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Drinking Before Work

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Is it Normal to Drink Before Work?

Most people don’t consider it normal to drink before work. Drinking alcohol in the morning, especially if you work the first shift, can be a sign of alcohol abuse.

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Effects & Dangers of Drinking Alcohol Before Work

Drinking alcohol before work has various effects and poses dangers, such as:

  • Developing or already having a physical and/or psychological dependence on alcohol
  • Experiencing withdrawal symptoms when not consuming alcohol
  • Increases the likelihood of drinking throughout the day and ultimately having too much to drink
  • Higher risk of accidents, especially for those operating machinery or performing work that requires extreme focus and control
  • Increases the likelihood of liver disease, dementia, and other physical complications linked to drinking
  • High risk of developing alcohol use disorder, if it isn’t already present
  • Increases the risk of DUI and other dangers of inebriation 

People who consume an alcoholic drink before work often drink alone. Doing this indicates that they drink to alter their physical condition and not for social reasons.

Does Alcohol Make You Work Better?

Alcohol often doesn’t make people work better. It does not enhance work productivity.

It makes you less productive and causes struggles with fulfilling responsibilities. Drinking or being drunk on the job can also harm your reputation.

Some might argue that a drink helps them feel more relaxed and at ease if their job requires a lot of social interaction.

If your job requires socializing in settings where you usually drink, it’s essential to be clear with your employer whether or not this is acceptable.

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Can You Get Fired for Drinking on the Job?

Yes, you can get fired for drinking on the job. However, there are laws governing drinking habits and termination. These laws affect how an employer can respond to an employee with a drinking problem.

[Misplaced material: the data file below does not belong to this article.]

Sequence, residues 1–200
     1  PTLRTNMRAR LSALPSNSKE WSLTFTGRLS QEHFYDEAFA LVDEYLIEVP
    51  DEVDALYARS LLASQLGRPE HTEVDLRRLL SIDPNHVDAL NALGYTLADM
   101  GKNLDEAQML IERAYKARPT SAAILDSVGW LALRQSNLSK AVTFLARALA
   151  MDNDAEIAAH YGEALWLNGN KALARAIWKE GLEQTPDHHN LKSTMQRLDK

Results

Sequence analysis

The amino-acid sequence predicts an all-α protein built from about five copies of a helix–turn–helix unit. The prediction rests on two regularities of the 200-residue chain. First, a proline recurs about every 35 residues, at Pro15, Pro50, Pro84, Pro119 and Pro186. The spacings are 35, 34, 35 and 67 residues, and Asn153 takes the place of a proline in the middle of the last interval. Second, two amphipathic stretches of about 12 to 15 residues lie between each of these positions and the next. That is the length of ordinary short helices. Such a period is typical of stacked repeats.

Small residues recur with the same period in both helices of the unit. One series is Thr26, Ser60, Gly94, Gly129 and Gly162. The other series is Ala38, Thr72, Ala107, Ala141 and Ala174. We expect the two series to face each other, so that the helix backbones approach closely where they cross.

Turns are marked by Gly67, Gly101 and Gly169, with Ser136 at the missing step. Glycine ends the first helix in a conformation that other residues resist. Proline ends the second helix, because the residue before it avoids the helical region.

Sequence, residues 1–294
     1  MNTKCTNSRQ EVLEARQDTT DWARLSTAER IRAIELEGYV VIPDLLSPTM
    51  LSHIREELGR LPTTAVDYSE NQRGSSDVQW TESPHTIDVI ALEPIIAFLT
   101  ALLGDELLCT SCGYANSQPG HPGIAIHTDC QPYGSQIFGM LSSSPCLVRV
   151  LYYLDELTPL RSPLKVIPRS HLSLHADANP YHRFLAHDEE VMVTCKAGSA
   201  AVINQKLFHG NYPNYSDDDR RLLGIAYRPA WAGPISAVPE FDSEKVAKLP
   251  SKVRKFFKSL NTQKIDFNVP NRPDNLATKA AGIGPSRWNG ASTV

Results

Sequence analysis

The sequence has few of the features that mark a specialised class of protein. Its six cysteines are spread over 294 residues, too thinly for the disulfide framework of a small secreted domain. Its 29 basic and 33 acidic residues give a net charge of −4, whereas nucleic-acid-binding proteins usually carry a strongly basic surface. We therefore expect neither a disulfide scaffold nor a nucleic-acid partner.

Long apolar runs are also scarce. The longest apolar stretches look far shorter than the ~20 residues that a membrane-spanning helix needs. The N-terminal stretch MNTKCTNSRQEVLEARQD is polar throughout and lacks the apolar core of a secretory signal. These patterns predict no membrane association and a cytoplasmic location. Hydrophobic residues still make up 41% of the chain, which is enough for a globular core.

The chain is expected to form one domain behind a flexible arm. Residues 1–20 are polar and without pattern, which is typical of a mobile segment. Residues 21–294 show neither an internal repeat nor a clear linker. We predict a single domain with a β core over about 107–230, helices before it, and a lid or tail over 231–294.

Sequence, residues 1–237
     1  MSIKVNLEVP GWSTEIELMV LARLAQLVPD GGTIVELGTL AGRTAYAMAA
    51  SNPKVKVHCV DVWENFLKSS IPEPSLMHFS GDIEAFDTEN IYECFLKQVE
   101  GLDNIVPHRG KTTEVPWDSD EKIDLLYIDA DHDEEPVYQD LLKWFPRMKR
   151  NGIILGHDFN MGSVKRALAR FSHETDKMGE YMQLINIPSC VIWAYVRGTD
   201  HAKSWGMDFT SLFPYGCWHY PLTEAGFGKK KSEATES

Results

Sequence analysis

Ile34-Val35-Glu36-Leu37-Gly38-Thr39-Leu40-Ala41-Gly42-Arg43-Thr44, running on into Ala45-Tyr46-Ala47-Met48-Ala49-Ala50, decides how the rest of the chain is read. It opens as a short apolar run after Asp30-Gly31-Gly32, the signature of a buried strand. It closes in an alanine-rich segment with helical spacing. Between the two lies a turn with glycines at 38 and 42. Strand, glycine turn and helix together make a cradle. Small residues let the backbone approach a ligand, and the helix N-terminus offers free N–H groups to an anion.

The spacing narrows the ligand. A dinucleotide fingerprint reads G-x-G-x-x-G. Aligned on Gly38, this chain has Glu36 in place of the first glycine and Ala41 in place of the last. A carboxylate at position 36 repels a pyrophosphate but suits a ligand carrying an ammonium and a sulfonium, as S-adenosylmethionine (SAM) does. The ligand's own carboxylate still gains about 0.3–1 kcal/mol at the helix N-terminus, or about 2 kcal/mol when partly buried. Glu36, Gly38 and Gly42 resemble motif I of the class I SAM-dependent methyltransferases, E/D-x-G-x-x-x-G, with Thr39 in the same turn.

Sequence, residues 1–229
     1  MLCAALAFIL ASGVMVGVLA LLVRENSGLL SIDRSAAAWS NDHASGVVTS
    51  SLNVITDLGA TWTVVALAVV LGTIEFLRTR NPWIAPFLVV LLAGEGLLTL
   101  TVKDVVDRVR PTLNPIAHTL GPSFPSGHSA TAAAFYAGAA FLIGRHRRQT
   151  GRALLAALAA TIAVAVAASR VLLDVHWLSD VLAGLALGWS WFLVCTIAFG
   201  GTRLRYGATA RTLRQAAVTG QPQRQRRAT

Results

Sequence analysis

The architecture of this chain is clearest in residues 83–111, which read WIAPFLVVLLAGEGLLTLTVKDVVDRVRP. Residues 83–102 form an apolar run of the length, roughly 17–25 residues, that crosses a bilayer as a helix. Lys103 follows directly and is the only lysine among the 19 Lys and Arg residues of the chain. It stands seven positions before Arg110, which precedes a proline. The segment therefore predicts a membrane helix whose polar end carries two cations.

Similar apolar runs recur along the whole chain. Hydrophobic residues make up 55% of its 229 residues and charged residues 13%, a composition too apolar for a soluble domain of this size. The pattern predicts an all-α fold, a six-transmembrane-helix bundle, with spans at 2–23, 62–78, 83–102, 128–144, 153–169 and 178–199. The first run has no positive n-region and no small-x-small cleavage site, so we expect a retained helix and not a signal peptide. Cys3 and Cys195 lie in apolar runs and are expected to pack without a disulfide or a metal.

Employers have the legal right to discipline workers for performance issues related or unrelated to drinking. 

For example, if someone is habitually late for work, they can be terminated. Lateness is the reason for termination. The cause of their lateness is not the issue⁠—be it because their alarm clock doesn’t work or because they were drinking.

Employers can terminate someone if their actions stem from drinking. However, it is illegal to fire someone for being an alcoholic.

Alcohol use disorder (AUD), or alcoholism, is a disease. Employers cannot fire someone for having the condition of AUD any more than they can fire someone for having cancer, depression, or any other illness or disability.

The Americans with Disabilities Act (ADA)

The Americans with Disabilities Act (ADA) protects those with disabilities, including AUD. But it applies differently to alcohol addiction and illegal drug use.

Doctors generally consider alcoholism a disability because it is an impairment that affects the brain and neurological functions. 

Under the ADA, employers can require employees with addictions to meet the same performance and behavioral standards as other employees. However, they must also grant requests to take leave to enter a rehab program.

Despite this, employers can still fire employees for drinking on the job if it follows company policies. Employment laws protecting those with AUD do not protect you when you drink at work.